One layer is in plain black and the other layer is in seven shades of blue. These two layers interchange forming ascending and descending blocks of colour. It took a few hours on the computer figuring out the colour changes with the weaving pattern changes. Then there is the take-up and shrinkage to allow for. It required a few cups of tea to solve all these elements. I was happy with the end result but the computer can only go so far.

Warping the loom with approximately 1500 threads (in 2 layers) was somewhat of a challenge. It took some time to think how I might be able to do this process more efficiently for the next time.

I wove the sample which helped for three reasons. First, dealing with the technical issues ie tensioning of the warp and the two shuttles as well as working out the best way to get the selvedges done tidily and start to get the rhythm of the weaving. Another issue is you cannot see the bottom layer of your weaving therefore I need to take particular care when weaving this layer. Secondly, to work out the actual size after I had washed the sample to calculate the take-up and shrinkage. Thirdly and probably most importantly, that the sample meets the expectations of the customer which I am pleased to say it has done.

Now I have to actually weave the piece!!

Box of cotton for baby wrap Double Weave Baby Wrap 1 Double Weave Baby Wrap 2

 

Tea Towel - New Hem

Cotton Tea towels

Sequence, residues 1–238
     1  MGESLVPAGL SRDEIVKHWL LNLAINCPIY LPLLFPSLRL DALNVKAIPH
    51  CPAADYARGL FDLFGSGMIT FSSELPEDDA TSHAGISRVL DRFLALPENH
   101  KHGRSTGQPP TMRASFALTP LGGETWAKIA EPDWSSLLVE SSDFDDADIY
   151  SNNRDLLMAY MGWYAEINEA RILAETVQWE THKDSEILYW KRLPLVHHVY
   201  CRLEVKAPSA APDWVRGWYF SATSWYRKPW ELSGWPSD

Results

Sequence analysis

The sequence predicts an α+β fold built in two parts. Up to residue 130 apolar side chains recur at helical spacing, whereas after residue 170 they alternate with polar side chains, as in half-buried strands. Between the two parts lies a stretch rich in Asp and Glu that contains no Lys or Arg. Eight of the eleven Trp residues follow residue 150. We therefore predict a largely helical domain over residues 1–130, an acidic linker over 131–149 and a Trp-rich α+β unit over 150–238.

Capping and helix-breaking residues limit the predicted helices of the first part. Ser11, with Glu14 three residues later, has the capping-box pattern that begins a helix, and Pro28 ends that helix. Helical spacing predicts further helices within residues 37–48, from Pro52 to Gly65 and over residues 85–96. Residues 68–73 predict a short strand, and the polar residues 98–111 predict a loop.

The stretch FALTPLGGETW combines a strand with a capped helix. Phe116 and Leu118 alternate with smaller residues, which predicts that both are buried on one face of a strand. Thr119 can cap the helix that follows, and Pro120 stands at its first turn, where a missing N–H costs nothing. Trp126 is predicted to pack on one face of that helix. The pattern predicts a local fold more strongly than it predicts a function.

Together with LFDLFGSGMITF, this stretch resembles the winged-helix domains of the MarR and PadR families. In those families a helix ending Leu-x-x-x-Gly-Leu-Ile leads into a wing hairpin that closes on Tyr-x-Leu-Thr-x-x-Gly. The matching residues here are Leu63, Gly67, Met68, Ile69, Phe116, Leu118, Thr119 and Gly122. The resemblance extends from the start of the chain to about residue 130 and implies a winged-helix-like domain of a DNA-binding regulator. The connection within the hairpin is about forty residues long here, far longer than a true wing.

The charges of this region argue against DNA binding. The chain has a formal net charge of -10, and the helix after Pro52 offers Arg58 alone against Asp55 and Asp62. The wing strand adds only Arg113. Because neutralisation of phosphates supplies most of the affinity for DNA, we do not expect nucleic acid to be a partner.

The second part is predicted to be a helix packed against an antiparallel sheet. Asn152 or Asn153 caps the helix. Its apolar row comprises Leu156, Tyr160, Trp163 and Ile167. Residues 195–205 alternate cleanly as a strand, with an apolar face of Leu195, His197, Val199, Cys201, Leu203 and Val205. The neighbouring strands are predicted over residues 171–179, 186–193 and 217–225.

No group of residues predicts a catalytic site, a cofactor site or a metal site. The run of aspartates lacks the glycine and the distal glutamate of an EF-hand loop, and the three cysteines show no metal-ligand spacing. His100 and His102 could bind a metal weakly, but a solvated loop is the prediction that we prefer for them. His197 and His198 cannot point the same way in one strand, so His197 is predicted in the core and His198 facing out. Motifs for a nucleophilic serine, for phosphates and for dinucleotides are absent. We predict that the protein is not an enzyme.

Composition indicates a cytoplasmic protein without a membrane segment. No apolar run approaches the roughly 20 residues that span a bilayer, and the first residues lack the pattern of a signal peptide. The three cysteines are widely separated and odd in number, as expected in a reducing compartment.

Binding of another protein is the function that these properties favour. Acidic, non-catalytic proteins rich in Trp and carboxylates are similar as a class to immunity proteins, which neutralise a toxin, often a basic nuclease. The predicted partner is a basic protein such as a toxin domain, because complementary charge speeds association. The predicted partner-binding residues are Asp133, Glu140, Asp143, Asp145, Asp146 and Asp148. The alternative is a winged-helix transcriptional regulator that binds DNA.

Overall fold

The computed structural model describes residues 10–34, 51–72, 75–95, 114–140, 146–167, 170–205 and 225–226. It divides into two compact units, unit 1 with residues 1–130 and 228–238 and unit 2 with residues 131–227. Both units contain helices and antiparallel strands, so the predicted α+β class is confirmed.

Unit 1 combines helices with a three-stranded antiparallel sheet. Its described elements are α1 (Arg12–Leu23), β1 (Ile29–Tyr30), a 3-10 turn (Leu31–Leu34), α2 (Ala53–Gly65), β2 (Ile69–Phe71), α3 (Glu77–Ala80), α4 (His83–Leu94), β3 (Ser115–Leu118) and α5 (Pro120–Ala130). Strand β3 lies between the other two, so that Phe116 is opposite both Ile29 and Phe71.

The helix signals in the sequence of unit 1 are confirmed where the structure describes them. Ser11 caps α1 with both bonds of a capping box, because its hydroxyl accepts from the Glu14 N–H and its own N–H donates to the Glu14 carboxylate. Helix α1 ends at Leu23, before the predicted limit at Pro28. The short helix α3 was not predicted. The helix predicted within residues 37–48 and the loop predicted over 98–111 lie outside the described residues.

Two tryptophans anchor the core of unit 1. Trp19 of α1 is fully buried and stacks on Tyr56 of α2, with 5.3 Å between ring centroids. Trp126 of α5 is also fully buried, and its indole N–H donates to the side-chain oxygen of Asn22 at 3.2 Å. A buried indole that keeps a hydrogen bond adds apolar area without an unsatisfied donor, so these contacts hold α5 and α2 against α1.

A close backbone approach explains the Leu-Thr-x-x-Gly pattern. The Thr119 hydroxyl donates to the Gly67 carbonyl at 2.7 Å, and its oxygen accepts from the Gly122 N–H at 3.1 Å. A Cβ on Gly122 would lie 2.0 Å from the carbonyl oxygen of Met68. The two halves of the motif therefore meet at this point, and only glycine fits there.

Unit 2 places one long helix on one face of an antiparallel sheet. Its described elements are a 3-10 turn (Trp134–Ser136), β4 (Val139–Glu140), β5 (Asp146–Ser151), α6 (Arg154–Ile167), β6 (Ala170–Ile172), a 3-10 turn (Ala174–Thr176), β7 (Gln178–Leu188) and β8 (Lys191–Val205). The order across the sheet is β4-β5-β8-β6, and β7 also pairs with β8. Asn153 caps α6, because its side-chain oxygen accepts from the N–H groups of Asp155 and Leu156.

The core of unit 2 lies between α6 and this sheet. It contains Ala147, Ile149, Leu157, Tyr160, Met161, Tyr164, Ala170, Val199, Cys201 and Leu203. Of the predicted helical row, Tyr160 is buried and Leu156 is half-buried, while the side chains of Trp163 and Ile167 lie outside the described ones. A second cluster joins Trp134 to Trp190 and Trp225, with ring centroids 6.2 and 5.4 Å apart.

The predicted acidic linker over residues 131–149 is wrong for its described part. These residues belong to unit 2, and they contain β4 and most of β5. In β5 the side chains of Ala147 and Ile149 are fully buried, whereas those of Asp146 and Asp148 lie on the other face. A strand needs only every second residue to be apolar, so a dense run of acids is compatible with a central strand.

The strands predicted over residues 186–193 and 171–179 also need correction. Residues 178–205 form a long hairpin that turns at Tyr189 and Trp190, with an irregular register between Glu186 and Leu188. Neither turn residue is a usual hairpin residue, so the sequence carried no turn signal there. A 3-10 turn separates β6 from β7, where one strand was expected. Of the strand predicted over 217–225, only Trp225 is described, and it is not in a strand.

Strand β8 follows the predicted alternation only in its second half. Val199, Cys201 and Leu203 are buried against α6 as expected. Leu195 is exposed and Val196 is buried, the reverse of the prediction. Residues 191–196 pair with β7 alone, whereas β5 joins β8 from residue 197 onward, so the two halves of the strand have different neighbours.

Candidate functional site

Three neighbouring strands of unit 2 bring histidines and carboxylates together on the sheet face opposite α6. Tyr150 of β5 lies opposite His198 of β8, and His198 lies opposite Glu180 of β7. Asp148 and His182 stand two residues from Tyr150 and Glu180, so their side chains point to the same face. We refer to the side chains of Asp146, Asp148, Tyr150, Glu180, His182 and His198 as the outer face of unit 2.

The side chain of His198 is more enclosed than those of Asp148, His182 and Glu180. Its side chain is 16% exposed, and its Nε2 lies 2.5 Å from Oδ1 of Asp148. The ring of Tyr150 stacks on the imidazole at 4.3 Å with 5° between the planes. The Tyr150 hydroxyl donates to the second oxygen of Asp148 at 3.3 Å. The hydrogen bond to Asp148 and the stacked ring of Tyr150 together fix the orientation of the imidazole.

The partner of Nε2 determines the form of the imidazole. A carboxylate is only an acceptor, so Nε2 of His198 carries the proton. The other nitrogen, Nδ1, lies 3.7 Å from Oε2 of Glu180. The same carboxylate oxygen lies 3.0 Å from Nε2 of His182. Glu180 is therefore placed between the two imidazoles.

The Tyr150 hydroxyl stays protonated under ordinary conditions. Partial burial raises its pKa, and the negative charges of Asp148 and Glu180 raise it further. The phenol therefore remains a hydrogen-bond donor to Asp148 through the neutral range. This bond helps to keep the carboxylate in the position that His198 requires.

Here are some images from my most recent warp – cotton tea towels. I thought a traditional pattern of stripes with the main colour in the warp being creamy-white and the stripes in navy and brown. A few of the tea towels were woven to form checks. The rest were done using each colour in the warp as the weft colour for each individual tea towel.

They were woven in plain weave which was quite refreshing to simply use the colours as the point of interest not texture as well. I have tried waffle weave, m’s and o’s and other textured surfaces but I think I prefer the plain weave. My logic was having the texture would make for better tea towels – and I found that’s not the case. Also having less bulk in the fabric means hemming is much simpler and tidier.
Cotton Tea Towel - New Hem

The label that I sew on has changed position too. Instead of being held in by the hem I have separately sewn it on and am much happier – it looks more professional and practical.Cotton Tea Towel - Label

Sometimes I think it is good to step back from your work and question is this the outcome I really wanted.  How could this be improved?  It is a concern that you get so engrossed in the weaving that things like, how the hems look, how the label sits, are left as an after thought.  When really these wee finishing details can add so much to the end result.

These cotton tea towels are woven in 8/2 unmercerised cotton from Webs, at 20 epi (ends per inch).  They are so satisfying to weave, as they are woven in one long length, each one differentiated by a colour and/or pattern change.

A visitor to the studio, after seeing them on the loom commented that you would need to design your kitchen around the tea towels – I thought it was a perfectly reasonable suggestion!